By Donny Winter
© Diversity Rules Magazine 2012. All Rights Reserved.
It doesn’t matter how strong a person is, or how well they can deal with aggressive people because everyone has faced bullying at one point or another in their lives to different degrees. Amidst all the news of bullies either attacking victims with words or physical abuse we all do not seem to consider whether or not inaction is a form of bullying or not. By inaction I’m referring to people either using passive-aggressive forms of bullying such as obvious disdainful expressions or even ignoring the victim completely in an attempt to make them feel as though they don’t exist.
I’m sure most people are going to respond to this idea with the statement of, “Well that means anything could be interpreted as bullying then.” While that may seem like the indication, deliberate inaction or ignoring is intentional. If one observes a school setting (regardless which level) it’s easy to spot the students who are ignored or avoided by the more popular students seeking a good reputation with other popular students. To use an example, when I was in high school a lot of people wouldn’t sit with me in the lunch room because they assumed my sexual orientation before I was even out. I would either get weird looks thrown at me, gestures from others from across the room and even food thrown at me from time to time. There were moments I’d talk to people and they’d just look at me for a second and just walk away. While this may seem like menial student interaction lets carefully examine what happens in a situation such as this because experiences like these stay with a person.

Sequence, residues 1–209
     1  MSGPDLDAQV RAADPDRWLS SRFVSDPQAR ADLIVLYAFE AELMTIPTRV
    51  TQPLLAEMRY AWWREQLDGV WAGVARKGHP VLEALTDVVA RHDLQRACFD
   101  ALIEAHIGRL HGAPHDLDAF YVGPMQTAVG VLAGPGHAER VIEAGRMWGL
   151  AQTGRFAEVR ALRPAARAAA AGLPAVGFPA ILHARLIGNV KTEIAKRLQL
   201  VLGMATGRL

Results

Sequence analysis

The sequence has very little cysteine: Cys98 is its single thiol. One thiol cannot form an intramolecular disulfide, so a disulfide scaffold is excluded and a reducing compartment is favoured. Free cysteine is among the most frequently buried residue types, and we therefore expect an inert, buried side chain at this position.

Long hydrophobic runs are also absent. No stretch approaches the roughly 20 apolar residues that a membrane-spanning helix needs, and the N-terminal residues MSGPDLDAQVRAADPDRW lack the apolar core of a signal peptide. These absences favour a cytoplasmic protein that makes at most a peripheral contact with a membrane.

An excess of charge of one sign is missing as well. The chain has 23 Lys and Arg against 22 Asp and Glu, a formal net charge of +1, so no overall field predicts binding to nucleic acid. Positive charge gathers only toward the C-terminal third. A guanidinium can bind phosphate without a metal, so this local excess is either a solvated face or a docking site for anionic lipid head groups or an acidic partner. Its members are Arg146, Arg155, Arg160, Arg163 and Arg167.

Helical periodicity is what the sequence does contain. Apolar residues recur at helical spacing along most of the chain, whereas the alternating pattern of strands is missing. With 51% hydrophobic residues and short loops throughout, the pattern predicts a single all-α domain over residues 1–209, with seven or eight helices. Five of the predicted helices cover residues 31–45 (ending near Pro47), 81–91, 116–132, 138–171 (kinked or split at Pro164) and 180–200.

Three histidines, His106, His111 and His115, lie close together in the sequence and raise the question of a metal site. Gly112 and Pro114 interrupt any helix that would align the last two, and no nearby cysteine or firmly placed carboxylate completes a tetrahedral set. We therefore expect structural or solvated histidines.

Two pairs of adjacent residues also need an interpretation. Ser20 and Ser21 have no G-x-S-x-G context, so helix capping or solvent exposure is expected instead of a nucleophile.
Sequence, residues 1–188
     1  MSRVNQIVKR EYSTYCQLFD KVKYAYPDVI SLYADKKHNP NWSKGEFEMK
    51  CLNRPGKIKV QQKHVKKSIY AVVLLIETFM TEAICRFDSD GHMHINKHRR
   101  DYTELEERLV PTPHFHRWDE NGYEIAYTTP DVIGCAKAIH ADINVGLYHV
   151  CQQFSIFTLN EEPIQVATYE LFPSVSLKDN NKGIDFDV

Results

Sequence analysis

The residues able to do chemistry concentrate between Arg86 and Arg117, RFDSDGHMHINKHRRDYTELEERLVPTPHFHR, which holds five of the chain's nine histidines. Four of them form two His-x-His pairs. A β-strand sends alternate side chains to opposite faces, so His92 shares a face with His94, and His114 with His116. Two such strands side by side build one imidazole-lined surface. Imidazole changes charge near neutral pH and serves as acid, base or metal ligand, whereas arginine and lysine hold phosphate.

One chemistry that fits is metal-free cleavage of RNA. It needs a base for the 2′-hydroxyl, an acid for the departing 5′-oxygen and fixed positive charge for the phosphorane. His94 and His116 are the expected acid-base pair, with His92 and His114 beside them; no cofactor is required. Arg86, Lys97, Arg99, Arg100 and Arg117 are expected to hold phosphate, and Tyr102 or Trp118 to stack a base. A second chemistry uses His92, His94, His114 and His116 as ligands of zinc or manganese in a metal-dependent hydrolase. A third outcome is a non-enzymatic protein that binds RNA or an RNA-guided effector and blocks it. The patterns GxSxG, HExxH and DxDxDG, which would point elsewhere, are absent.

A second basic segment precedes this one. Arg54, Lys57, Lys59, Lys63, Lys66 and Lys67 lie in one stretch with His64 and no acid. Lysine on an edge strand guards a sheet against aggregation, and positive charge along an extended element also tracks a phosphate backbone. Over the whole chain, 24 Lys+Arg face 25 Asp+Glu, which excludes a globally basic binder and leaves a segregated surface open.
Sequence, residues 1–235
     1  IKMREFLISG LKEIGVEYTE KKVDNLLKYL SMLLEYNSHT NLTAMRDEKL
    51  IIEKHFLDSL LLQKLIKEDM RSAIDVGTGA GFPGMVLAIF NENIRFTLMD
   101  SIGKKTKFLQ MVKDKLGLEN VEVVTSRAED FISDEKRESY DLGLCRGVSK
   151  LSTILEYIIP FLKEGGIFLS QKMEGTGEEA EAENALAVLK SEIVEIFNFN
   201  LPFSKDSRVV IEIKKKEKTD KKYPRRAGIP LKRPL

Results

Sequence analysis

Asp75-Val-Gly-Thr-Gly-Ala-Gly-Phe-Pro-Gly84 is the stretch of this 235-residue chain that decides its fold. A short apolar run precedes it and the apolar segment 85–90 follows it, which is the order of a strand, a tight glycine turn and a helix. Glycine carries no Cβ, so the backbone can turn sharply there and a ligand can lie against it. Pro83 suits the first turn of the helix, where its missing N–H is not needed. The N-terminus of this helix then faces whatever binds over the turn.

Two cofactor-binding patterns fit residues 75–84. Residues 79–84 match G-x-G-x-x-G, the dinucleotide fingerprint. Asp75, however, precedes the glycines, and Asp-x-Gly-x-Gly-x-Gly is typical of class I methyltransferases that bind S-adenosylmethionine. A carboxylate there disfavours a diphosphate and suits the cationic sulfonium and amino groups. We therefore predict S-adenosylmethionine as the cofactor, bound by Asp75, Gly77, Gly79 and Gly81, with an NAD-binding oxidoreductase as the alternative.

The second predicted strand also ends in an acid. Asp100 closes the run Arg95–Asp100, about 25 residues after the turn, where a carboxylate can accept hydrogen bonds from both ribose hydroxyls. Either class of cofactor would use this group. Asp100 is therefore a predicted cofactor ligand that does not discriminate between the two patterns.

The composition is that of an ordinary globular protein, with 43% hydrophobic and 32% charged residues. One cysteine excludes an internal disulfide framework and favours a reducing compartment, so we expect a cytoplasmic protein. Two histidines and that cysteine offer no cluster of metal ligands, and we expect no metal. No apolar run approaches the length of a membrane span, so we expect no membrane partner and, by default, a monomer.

Middle and high school are pretty important phases in a child’s life. Social interaction and building relationships helps them prepare for not only the workforce but developing meaningful interactions in adulthood. If the child is ignored, how are they supposed to feel like they’re welcome in any part of society if not their own teenage niche? LGBT children as well as countless other groups face this dismissed bullying more frequently than actual face-to-face bullying. If we deliberately ignore a person or shut them out are we not responsible for making them feel ostracized?
My previous article discussed how words can be used as medicine instead of a self-esteem killer. But doesn’t it make sense that the lack of words could be interpreted as a damaging form of bullying? It depends on how lack of social-contact and obvious passive-aggressive treatment impacts a person.
Everyone wants to feel included and welcome in society — it’s just another means of feeling a sense of equality, a treasure that we all deserve.